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How To Beat a Pusher
First let's define the term 'Pusher' and acknowledge that for those who may play this style of Tennis, doesn't mean this is something bad, subpar or lacking in ability. Actually, I have a very good friend who has won several local tournaments with this style. I asked him one day why he played this tactic and his simple answer was, "It worksand if it ain't broke - don't fix it".
Yes indeed playing against this style can be the most frustrating day of tennis you can ever have unless you figure a way to defeat this method. Personally I have no problem playing a match against this style of Player, although admittedly I don't appreciate warming up with this style of play all because warm-up should be beneficial to both Players and if your warm-up is only a microcosm of what's to come, it doesn't give you an opportunity to get loose & honed in on your range. So if you are about to do battle against someone who plays the Push style, it's ok to ask them if they could hit with top spin during your warm-up rallies so you can groove your strokes. However you may find, your opponent sometimes isn't capable of providing this to you, which means you are in for a long day. And this will indicate what level of Tennis Player your partner is at and possibly yourself as well if you are basically rated equally. Generally speaking a Player who Spins & Pushes the ball and can't provide anything other than that, is probably going to be somewhere between a 3.0 - 3.5 level Player.
So what is a Pusher anyway? This player hold their racquet in either the Continental or Eastern style grip. They are generally not capable to use the Western grip and doesn't hit with top spin. Their balls are mostly flat with little bounce. The shots tend to lack in power and if you enjoy a fast pace ball, you will have to generate all of the power off your racquet which means you will have to use even more top spin to bring the ball down.
It will be very important to get down low due to the lack of bounce you might be use to dealing with. The first set will be hard to manage given you will be fine tuning your shots against this style but the good news is, if you are able to solve the equation, your opponents' shots will not change in the next set.
The Pusher slices on both wings, if you can't handle low under-spin floating balls that seem to take forever to get to you, then you're gonna have a serious problem. So I suggest you get your running shoes tightened up because attacking the net is going to be your road to success. Be prepared for an onslaught of Lobs so I'd suggest when you approach, do so behind a hard penetrating shot that puts them off balance or running from one side or the other. DO NOT charge behind something weak or non-committal. Hit your corners and hit them hard. When you need to volley away a possible return of your approach shot, PUNCH that volley away. As John McEnroe would say, "Stick It". You will accomplish far more than a few points, you will have established a criteria and your opponent will try to adjust their game to avoid that outcome. So on comes the drop shots.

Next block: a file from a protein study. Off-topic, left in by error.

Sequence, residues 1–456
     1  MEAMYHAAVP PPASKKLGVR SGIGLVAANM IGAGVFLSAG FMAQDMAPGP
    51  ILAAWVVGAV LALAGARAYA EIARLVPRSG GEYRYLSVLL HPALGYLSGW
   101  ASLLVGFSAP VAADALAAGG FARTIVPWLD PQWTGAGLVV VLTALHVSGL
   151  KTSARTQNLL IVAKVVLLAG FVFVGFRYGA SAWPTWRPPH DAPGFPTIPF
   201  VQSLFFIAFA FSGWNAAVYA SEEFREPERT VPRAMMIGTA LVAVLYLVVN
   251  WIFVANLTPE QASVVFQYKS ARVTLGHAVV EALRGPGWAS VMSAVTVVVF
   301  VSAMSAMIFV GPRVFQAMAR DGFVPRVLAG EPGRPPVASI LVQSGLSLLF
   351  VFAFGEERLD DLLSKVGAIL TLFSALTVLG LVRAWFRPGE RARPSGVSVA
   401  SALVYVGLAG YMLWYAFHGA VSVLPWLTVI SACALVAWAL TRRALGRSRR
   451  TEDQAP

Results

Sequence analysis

Try not to stand too far behind the baseline because you will then have to expend too much energy getting to the drop only to see the ball sailing over your head for the lob passing shot.
What to watch for ...
Constant Drop Shots
Lobs if you're at the Net
Low floating under-spin shots
Flat no pace forehand shots
Backhand Slices and/or Backhand Lobs
(And for the more experienced Pusher)
Forehand slice drops to the side court that spin away from you.
It will not serve you well to adapt their pattern of play in order to combat this style. You must play your game at all cost but incorporate a few tactics that you may not normally use with a topspin player, like attacking the net, chipping & charging and aggressive volleys as DEEP as you can get them. Always try to keep your opponent hitting off their back foot.
Serving to a Pusher is easy, go out wide as much as possible by striking the ball off the side as if you are peeling a potato. And the follow-through is downward as opposed to outward. You will toss the ball slightly (slightly) did you read it is "slightly" ok so you will toss the ball slightly to the left up over head.
The only acceptable loss is when your opponent was better than you on that given day.
It is never acceptable to lose when your opponent was not.
something to add... as a plethora of my coaching charges have trouble with this player... DON"T OVER HIT!!!! i repeat DON"T OVER HIT!!! the key to beating a pusher is advancing in the court and playing aggressive, STEADY tennis, DON"T PUSH BACK !!...don't try to crush the return because it's a sitter, or smash the floater from the midcourt, play aggressively placed shots with steady pace...try and end points quickly by taking time away, remember if you hit a shot from the dervice line you are already taking half his reaction time away by playing forward in the court, you don't have to add any pace to the shot, by now you should have the guy on the ropes, it's not the first shot that wins the point, but it sets you up for the shot that will...lastly, get rhythm with your feet, cause you won't get it from your opponent...extra footwork will help adjust to the off pace junk that pushers often throw at you...
my 3 easy keys for beating a pusher:
1: MOVE IN!! Take the ball earlier..don't wait for it!
2: STEADY PACE!! never 100% pace, 75% should do the trick, limit your errors...
3: FOOTWORK FOR RHYTHM!! adjust to off pace by focusing on your feet (you'll be less likely to overhit then too!)
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